It will run from January 11 to February 26, 2021, and is aimed at K-12 educators.
How did medieval monasteries in Africa look? A new project from the University of Warsaw has been able to digitally reconstruct a monastery from Nubia.
We know we know about Nubia. We know about Egypt. We know about Carthage in the classical era. But the Berber, the Almohads, the Almoravids, and the kingdoms of Ghana and Songhai, and the great many other cultures that rose up and thrived on the western edges of the Sahara in the period of the medieval
The groundbreaking touring exhibition “Caravans of Gold, Fragments in Time” can now be accessed through a new free app.
Sam Nixon explores the development of the medieval-era camel caravan trade across the Sahara which gave rise to Timbuktu
Early Muslim communities in Africa ate a cosmopolitan diet as the region became a trading centre for luxury goods, the discovery of thousands of medieval animal bones has shown.
Seventh-century North Africa would see the rise of a warrior queen named al-Kahina. Who was she and how was she able to wage a war against the Umayyad Caliphate?
This article examines the dynamics of interaction between Italian elites and Ethiopian travelers throughout the fourteenth and fifteenth centuries
This paper explores the importance of new technologies in the art historical study of Medieval West Africa and how related methodologies both help us understand the important art and architectural landscape here in this period, and how Africa and the eastern Coptic Christian world helped to reshape Africa in this era.
A recounting of the fabled Hajj of Mali emperor Mansa Musa in 1324.
The Aga Khan Museum in Toronto, Canada has unveiled a new exhibition: Caravans of Gold, Fragments in Time: Art, Culture, and Exchange Across Medieval Saharan Africa. Danièle took in the exhibition and spoke with Michael Chagnon, the Curator of the museum. They talk about medieval Africa, its connections with the wider world, and what you can see at the Aga Khan Museum.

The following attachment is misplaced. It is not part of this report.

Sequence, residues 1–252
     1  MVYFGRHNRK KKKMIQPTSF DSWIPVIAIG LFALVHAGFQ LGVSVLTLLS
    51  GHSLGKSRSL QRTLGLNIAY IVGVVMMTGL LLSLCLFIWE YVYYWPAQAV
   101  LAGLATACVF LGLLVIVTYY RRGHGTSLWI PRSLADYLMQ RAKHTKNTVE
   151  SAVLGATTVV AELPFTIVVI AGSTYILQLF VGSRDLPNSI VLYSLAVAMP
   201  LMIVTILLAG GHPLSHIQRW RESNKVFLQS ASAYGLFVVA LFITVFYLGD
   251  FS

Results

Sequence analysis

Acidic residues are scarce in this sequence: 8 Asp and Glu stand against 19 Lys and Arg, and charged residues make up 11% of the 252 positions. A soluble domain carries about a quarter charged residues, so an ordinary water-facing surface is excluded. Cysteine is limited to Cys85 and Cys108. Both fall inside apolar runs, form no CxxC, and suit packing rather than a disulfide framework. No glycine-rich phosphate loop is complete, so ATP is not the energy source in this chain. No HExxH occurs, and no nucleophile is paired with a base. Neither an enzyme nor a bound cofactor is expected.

An often unheralded part of the medieval world will be the focus of a new exhibition at the Aga Khan Museum in Toronto, Canada. Caravans of Gold, Fragments in Time opens on September 21st, and will showcase dozens of fascinating pieces highlighting the African continent during the Middle Ages.
This question may be more difficult to answer than initially appears. How is it possible to revive knowledge of a language than hasn’t been spoken over centuries, and to write its grammar today?
This article suggests that minting at Carthage of the Byzantine gold coins known as globular solidi was related to the acquisition of metal through developing trans-Saharan contacts.
The Sunjata epic describes the founding of the Mande Empire of the thirteenth century and bears the name of its founder.
The Block Museum of Art at Northwestern University will host a week-long gathering of six archaeologists from Mali, Morocco, the U.K. and the U.S., working at the cutting-edge of research on medieval Africa.
Since my talk today is the first in a series I’m going to begin by placing the study of medieval Africa in the larger context of the writing of African history since the 1960s
Here are six videos that track the rise and fall of kingdoms and states within Africa during the Middle Ages.
The actual history of West Africa however could not be more divergent from occidental myths in fact West Africa was a region in motion politically, socially, culturally and perpetually so during the Common Era, if not before.
The recently translated account of The Epic of Sumanguru Kante offers some fascinating stories, including a description of how this West African ruler was born to two mothers.
Scholars from Rice University, University College London and the Field Museum have found the first direct evidence that glass was produced in sub-Saharan Africa centuries before the arrival of Europeans.
After three years of work, Gérard Chouin is adamant that the medieval-era bubonic plague epidemic, the Black Death, spread to Sub-Saharan Africa and killed many people there as it did in Europe and the Mediterranean basin in the 14th century.
The earliest introduction of domestic chickens and black rats from Asia to the east coast of Africa came via maritime routes between the 7th and 8th centuries AD.
This paper tries to explore how contract enforcement was handled in the cross-religious environment of late medieval Christian Valencia, Muslim Granada and North Africa, given the fact that each religious community has usually been assumed to apply their own set of rules through their own community courts.